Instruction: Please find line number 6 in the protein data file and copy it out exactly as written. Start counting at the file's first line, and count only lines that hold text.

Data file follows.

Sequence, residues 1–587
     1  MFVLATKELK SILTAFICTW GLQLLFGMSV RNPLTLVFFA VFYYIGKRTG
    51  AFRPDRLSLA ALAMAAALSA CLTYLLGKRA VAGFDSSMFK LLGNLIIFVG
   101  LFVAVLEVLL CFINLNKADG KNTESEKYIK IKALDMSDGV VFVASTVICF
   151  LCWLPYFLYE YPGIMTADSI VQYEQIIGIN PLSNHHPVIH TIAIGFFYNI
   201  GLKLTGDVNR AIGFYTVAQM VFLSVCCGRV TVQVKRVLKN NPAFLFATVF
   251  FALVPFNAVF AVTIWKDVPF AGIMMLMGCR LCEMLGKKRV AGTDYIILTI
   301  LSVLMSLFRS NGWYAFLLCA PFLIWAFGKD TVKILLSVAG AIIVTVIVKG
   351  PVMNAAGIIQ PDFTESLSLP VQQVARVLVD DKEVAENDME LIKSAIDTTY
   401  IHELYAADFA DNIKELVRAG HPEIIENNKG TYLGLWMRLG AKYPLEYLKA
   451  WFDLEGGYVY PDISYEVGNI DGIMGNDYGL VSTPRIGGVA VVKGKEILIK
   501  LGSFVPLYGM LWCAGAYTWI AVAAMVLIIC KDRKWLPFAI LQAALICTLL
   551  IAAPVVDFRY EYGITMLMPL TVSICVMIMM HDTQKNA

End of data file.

   201  GLKLTGDVNR AIGFYTVAQM VFLSVCCGRV TVQVKRVLKN NPAFLFATVF